OK, I think I’ve got it straight now.
I had thought that the official GOP position was that “Zero Dark Thirty” was the result of an unholy relationship between the filmmakers and the Obama administration, meant to aggrandize the latter.
I had seen Sen. John McCain’s criticism of that film as overlapping somewhat with that position, although I also saw it as consistent with his principled, and very personal, opposition to torture.
I was vaguely inclined toward emphasizing the latter reason for McCain’s objections over the former, because I had heard that Democratic Sens. Dianne Feinstein and Carl Levin were joining McCain in his criticism of the movie.
Anyway, the editorial board of The Wall Street Journal stepped in today to straighten me out and clarify the partisan battle lines over the film:
You know it’s a bad day in America when Hollywood seems to have a better grip on intelligence issues than the Chair of the Senate Intelligence Committee and the top two Members at Armed Services. The film depicts the “enhanced interrogation techniques,” or EITs, used on the detainees held at the CIA’s so-called black sites, and hints that the interrogations provided at least some of the information that led to bin Laden’s killing.
What Ms. Bigelow intended by depicting the EITs is not for us to explain: This is an action flick, not a Ken Burns documentary. Yet the mere suggestion that such techniques paid crucial intelligence dividends—as attested by former Attorney General Michael Mukasey and former CIA Director Michael Hayden, among many others—has sent Mrs. Feinstein and her colleagues into paroxysms of indignation. They even have a 5,000-plus-page study that purports to prove her case…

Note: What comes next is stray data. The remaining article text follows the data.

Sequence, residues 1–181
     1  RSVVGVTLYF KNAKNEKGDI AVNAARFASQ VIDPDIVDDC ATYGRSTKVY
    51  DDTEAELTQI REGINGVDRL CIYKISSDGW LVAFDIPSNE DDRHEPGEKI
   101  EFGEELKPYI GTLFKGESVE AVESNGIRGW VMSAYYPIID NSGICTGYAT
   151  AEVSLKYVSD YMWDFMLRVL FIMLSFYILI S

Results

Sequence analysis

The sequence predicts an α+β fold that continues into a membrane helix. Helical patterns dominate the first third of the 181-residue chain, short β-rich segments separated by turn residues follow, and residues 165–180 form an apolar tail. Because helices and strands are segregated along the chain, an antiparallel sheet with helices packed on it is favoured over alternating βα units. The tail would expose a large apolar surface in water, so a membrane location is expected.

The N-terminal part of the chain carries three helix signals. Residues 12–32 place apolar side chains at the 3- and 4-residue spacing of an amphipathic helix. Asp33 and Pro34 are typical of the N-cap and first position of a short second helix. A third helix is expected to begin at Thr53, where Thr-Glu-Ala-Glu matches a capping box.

One day, perhaps, some of our liberal friends will acknowledge that the real world is stuffed with the kinds of hard moral choices that “Zero Dark Thirty” so effectively depicts. Until then, they can bask in the easy certitudes of a report that, whatever it contains, deserves never to be read.
So, in the never-ending partisan argument, which requires that everyone take one of two (and only two) directly opposing positions, apparently opposition to the movie is officially a Democratic, liberal position, and John McCain’s agreement with that position is designated as just one of his “maverick” positions.
Whatever. I still sympathize with McCain’s objection to our nation embracing torture on any level.
And… I still look forward to seeing “Zero Dark Thirty.”